About a year ago, we wrote a post called “On Things ‘Not Looking Good While You’re Working on Them”, about the difficult – and often ongoing – “middle” of a project when things haven’t come together. We were heartened by artist John Currin‘s revelation about the creative process: the ONLY way to make thing anything happen is if you are able to endure the uncomfortable mid-point period of chaos and disorder, when things don’t look good.

Which is what we found on moving day 10 days ago. Despite our best efforts to complete our “simple” renovation (home of ‘improvised life’s new laboratory) and have things all pulled together when we moved into our new space, the movers arrived at the new space with a giant restaurant stove that was, inexplicably 1/16″ of an inch too large for the space it was meant to slide into, necessitating a cabinet being taken out…the plumber fixing a newly discovered leak…and no delivery of promised desktops; by the end of the day, the place was a sea of boxes and piles of tools, dropclothes, STUFF that had no place…and we were exhausted, wondering where we were….

And so we began the ongoing process of making order out of disorder, step-by-step, layer by layer, in the course of the following week. It could not have been done without the help of good friends who unpacked, bundled cartons, and managed hooking up the stove…brought enough food to feed the army of helpers and us the following day… found the linens and made sure the bed was made and ready to fall into the first exhausting night: big gifts of time and energy and love.

This renovation that began last November, and the recent move, has brought one lesson after another about the necessity of being flexible and being willing to live out-of-control, “in a process”…of becoming…

…step-by-step. We are re-learning the lesson daily. Stay tuned…

Related posts: on things “not looking good while you’re working on them
what to do when things don’t go as planned
‘harness the power of being an idiot’
j.k. rowling on the fringe benefits of ‘failure’
on things not going as planned (addendum)
introducing ‘the improvised life’s new ‘laboratory’ 

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9 replies on “project + reno lesson: embrace the unexpected……… things won’t go as planned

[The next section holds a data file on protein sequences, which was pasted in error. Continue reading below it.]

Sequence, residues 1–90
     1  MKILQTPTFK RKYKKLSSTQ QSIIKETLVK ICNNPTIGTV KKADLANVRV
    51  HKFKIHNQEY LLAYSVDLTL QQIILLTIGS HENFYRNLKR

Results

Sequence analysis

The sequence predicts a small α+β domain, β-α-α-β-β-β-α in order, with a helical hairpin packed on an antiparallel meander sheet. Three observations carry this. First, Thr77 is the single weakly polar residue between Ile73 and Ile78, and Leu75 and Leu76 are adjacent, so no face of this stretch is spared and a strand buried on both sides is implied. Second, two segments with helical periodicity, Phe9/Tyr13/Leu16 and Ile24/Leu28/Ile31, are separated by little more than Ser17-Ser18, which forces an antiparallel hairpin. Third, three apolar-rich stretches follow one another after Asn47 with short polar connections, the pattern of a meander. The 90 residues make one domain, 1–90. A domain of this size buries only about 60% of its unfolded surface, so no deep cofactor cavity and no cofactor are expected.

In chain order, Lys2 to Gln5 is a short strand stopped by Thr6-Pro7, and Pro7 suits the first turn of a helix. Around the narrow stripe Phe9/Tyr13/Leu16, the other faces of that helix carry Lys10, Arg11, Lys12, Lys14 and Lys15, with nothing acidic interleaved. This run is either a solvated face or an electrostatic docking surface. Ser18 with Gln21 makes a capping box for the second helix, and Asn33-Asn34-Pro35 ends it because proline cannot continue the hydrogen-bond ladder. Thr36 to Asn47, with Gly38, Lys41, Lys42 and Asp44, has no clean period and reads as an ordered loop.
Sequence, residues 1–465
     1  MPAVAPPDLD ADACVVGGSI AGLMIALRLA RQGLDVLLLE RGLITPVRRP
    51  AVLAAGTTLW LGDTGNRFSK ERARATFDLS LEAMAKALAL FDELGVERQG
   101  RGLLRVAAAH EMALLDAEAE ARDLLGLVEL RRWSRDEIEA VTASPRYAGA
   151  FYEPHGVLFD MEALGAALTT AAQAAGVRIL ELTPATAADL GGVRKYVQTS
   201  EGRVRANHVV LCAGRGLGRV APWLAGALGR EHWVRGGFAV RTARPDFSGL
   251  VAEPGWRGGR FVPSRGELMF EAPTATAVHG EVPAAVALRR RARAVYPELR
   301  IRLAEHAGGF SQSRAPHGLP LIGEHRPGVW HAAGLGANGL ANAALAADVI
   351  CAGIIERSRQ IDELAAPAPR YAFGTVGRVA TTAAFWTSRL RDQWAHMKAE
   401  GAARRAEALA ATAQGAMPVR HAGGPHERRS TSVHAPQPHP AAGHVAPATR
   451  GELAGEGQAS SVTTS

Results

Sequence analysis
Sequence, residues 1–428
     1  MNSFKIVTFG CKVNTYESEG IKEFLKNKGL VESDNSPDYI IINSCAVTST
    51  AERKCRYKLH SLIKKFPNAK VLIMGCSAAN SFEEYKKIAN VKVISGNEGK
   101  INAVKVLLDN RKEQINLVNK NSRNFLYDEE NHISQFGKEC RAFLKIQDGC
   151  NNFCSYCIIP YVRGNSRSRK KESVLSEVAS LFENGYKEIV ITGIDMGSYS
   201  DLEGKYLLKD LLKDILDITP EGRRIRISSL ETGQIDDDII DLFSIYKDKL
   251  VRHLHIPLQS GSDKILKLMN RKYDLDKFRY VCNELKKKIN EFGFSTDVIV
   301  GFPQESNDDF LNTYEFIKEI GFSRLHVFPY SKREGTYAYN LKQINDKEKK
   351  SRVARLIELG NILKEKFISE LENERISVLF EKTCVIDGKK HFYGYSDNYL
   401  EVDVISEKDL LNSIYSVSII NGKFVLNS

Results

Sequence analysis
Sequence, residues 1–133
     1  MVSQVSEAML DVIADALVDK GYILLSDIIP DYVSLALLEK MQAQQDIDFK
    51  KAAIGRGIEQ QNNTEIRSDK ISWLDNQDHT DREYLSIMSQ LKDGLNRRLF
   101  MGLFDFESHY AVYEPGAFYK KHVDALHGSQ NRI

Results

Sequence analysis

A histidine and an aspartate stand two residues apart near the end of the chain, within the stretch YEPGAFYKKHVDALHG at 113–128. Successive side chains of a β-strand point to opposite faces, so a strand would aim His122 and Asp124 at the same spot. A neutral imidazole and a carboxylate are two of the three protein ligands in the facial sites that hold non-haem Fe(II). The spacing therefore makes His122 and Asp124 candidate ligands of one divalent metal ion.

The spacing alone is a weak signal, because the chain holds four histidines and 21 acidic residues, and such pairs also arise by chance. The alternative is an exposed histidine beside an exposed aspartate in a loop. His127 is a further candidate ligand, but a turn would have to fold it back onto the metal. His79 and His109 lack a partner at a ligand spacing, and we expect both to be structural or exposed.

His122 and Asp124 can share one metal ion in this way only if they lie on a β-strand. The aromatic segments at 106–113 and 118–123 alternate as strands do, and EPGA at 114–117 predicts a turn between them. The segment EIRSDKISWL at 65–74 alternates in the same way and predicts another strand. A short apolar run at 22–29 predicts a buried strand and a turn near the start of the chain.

1. Congrats Sally!! Just a few more boxes to unload –
    How were your dreams the first few nights?

  2. Thanks for the update–the space is great and I’m looking forward to seeing it progress. And if the mess is too much to handle, you can just look out the window at that awesome view!

  3. We want all the details, Sally, the good, the bad and the downright ugly.
    When should I bring dinner?

  4. Ply me with a cocktail and all will be revealed. A LOT will be revealed anyway over the next few months, of power struggles, both internal and external, and the many mistakes made that turned out not to matter…

  5. brings new meaning to “thinking outside of the box!”

  6. I work with children all year making art and once in a while there is that “Oh no!” moment when suddenly all the hard work looks wrong, ugly, bad – not at all what was anticipated. My advice is always to keep going. That strange dark tunnel of uncertainty often (not every time) can lead you to “wow”. When it doesn’t, we start again.

  7. No dreams the first nights – just sweet sleep: HOME. Despite the ongoing undoneness, I am so very happy…

  8. it’s all sweet, even when its bitter, its sweet…the space is beautiful…already shared…friends and food…food and friends…digested and distilled…views and vistas…ALIVE and engaged in the process and the presence. Congratulations Sally…look forward to the details…wonder the exact color white you used to paint this room?

  9. That post “On things not looking good…” has become a pillar for me. Found myself telling my husband as we packed up our home for a move into temp space. Saying it again often as we live in limbo. And I say it to my kids often, too. Whether buried in school science projects and 3-panel biography displays, struggling with designing a t-shirts on the Outdoor Ed trip with classmates, reorganizing your closet, editing your rock and shell collection. For me, it’s often that stage of writing a plan or an important piece at work for public consumption. “Things look worse before they look better” really helps us maintain hope through that painful, awkward phase. Kind of like 6th grade and middle school in general, no? 🙂

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